Under SSA, the term "disability" is defined as the "inability to engage in any substantial gainful activity by reason of any medically determinable physical or mental impairment which can be expected to result in death or has lasted or can be expected to last for a continuous period of not less than 12 months..." 42 U.S.C. §§ 416(i)(1); 423(d)(1)(A); 20 C.F.R. § 404.1505 (2012). A person is unable to engage in substantial activity when:
[H]e is not only unable to do his previous work but cannot, considering his age, education, and work experience, engage in any other kind of substantial gainful work which exists in the national economy, regardless of whether such work exists in the immediate area in which he lives, or whether a specific job vacancy exists for him, or whether he would be hired if he applied for work....
42 U.S.C. § 423(d)(2)(A).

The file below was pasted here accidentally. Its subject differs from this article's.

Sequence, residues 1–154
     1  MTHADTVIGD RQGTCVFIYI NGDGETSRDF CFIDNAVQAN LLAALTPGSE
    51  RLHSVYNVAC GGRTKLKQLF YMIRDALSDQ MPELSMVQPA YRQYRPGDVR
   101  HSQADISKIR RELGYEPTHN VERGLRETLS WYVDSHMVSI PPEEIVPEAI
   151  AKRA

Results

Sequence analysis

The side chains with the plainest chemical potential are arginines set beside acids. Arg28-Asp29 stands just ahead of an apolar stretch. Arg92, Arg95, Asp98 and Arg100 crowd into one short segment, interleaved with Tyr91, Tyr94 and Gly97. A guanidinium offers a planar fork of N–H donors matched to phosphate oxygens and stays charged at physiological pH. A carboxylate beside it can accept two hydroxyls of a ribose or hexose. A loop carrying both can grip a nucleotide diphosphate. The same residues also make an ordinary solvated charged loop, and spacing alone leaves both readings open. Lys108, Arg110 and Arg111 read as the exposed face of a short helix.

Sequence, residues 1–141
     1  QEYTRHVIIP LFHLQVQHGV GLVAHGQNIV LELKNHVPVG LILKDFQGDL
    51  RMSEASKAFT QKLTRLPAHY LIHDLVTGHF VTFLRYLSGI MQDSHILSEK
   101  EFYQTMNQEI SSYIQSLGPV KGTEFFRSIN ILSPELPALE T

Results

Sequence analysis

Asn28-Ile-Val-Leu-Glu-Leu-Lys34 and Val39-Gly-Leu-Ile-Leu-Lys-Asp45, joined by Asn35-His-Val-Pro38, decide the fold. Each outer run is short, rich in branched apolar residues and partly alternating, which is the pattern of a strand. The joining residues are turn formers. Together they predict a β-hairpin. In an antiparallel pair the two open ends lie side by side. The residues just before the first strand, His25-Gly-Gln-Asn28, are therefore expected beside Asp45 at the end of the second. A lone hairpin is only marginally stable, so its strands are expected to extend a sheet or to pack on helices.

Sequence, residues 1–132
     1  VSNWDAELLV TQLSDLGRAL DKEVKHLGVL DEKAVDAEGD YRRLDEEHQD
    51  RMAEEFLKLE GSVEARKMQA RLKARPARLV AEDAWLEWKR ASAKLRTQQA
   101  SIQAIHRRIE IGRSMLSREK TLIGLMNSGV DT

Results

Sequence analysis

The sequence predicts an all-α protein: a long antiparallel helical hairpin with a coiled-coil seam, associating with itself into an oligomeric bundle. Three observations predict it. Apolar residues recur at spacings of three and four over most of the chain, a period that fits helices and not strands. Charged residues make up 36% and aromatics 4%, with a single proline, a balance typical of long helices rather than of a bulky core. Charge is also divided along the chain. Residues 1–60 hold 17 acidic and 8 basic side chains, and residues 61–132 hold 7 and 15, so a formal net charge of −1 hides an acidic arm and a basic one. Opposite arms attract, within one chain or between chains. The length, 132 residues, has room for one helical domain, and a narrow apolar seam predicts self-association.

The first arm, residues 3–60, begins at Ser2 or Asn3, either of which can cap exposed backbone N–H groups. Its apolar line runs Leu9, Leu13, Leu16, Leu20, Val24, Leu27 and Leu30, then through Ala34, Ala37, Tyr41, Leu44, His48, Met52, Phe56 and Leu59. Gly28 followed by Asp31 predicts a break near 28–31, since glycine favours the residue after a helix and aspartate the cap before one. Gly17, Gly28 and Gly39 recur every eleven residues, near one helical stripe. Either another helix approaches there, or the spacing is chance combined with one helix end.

In determining whether a claimant is disabled under SSA, a five-step sequential evaluation process must be applied. See 20 C.F.R. § 404.1520; McCrea v. Comm'r of Soc. Sec. , 370 F.3d 357, 360 (3d Cir. 2004). The evaluation process proceeds as follows: At step one, the Commissioner must determine whether the claimant is engaged in substantial gainful activity for the relevant time periods; if not, the process proceeds to step two. See 20 C.F.R. § 404.1520(a)(4)(i). At step two, the Commissioner must determine whether the claimant has a severe impairment. See id. at § 404.1520(a)(4)(ii). If the Commissioner determines that the claimant has a severe impairment, he must then determine whether that impairment meets or equals the criteria of an impairment listed in 20 C.F.R., part 404, subpart p, Appx. 1. § 404.1520(a)(4)(iii). If the claimant does not have an impairment which meets or equals the criteria, at step four the Commissioner must determine whether the claimant's impairment or impairments prevent him from performing his past relevant work. See id. at § 404.1520(a)(4)(iv). If so, the Commissioner must determine, at step five, whether the claimant can perform other work which exists in the national economy, considering his residual functional capacity and age, education and work experience. See id. at § 404.1520(a)(4)(v); see also McCrea , 370 F.3d at 360; Sykes v. Apfel , 228 F.3d 259, 262-63 (3d Cir. 2000).